The Glass Place

Louise Mehaffey

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Making Glass Beads

These photos are from my book.

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This is my bench, set up for working. I am left handed, so I keep the glass on my left. There are several mugs with tools and glass rods in them close enough to reach. I work with two lights, one of each side of me. A towel folded into a mat goes under my right elbow to keep it from developing blisters. I use a shield instead of special glasses to block the sodium flare.
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You can see the bead release, a liquid clay, on the mandrel (the metal rod.) This allows the bead to come off the mandrel when it is cooled.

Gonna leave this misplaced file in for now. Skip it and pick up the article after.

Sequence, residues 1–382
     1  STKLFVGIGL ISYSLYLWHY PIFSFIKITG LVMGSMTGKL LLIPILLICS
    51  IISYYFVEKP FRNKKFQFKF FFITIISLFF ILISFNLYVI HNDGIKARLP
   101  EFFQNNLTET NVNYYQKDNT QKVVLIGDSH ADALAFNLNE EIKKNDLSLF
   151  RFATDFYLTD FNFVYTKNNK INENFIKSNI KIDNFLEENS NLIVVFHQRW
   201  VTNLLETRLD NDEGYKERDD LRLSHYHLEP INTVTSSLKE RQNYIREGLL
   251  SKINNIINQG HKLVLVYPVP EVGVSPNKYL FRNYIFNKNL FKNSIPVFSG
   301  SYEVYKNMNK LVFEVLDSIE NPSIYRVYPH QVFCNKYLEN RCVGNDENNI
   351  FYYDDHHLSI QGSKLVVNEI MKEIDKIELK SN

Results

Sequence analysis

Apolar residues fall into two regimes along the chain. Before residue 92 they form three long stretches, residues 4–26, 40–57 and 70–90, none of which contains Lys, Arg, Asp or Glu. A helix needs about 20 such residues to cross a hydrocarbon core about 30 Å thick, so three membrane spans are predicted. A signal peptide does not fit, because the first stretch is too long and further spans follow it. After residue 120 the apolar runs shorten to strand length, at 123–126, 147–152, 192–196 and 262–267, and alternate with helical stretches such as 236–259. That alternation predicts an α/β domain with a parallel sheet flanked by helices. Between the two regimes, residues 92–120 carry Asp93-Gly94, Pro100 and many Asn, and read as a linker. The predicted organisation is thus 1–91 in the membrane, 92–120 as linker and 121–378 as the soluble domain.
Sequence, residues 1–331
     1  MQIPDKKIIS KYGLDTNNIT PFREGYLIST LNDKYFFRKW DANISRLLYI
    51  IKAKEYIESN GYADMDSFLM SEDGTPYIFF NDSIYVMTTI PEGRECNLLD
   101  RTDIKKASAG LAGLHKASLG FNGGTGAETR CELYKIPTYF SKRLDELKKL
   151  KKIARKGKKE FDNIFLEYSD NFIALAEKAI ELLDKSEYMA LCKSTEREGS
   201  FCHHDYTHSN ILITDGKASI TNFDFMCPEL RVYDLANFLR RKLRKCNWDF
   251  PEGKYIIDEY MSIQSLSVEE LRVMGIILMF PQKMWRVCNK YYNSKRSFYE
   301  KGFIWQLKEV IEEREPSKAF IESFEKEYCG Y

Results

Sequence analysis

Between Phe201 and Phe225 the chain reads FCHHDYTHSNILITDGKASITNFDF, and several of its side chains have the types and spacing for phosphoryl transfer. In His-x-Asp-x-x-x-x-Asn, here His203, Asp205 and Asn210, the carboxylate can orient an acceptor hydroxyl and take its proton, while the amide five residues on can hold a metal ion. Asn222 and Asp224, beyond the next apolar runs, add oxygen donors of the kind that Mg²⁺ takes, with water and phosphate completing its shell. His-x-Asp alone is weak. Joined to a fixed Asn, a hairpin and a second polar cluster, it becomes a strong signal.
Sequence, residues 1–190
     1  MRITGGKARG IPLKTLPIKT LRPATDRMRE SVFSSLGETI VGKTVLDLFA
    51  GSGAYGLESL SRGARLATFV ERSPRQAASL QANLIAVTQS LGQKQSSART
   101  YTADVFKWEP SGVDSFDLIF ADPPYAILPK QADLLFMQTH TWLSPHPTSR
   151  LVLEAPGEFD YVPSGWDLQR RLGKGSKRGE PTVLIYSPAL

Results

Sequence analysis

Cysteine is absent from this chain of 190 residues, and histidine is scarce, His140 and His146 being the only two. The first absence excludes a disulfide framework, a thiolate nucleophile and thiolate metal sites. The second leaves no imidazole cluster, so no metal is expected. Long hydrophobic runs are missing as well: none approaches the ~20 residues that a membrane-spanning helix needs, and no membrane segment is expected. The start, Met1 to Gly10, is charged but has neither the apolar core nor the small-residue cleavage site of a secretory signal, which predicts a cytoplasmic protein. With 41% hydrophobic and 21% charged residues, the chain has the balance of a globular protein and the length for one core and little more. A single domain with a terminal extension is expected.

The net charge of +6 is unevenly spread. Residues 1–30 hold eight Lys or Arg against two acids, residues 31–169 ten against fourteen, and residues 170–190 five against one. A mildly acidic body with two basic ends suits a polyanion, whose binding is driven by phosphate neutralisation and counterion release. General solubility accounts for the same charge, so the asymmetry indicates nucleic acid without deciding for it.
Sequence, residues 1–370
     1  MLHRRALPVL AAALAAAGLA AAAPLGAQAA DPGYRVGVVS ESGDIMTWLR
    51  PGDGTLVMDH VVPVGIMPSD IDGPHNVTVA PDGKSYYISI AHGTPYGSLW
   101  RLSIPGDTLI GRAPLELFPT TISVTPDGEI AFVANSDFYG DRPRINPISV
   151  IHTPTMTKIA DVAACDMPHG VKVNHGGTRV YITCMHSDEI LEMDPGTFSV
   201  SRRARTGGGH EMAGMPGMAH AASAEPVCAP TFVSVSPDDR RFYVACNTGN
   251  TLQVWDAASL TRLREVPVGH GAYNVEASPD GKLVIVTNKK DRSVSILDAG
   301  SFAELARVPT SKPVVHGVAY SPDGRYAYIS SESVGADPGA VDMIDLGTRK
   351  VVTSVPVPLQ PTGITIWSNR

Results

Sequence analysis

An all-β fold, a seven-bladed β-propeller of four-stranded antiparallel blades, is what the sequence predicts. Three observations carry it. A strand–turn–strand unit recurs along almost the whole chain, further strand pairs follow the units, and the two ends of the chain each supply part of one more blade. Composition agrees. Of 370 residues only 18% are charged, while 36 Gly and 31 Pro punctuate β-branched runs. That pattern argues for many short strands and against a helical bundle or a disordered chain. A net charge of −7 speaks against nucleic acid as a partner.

Heat the end of a glass rod, warm the mandrel, and touch the glass to the mandrel while rolling it away from you. The bright yellow you see is called sodium flare, and I wear special glasses so I don't see that when I am working.
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Keep winding the molten glass onto the mandrel until you run out of molten glass. Don't pull or the bead release may break.
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Keep the rod of glass in the flame to keep the glass molten so it can be wound onto the bead, and keep the bead below the flame.

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Keep turning until you run out of molten glass or the bead is as large as you want and then flame cut the rod.
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Heat the bead in the top of the flame to get it round. Always keep turning, or gravity will take over.

All my beads then go into my kiln for annealing.

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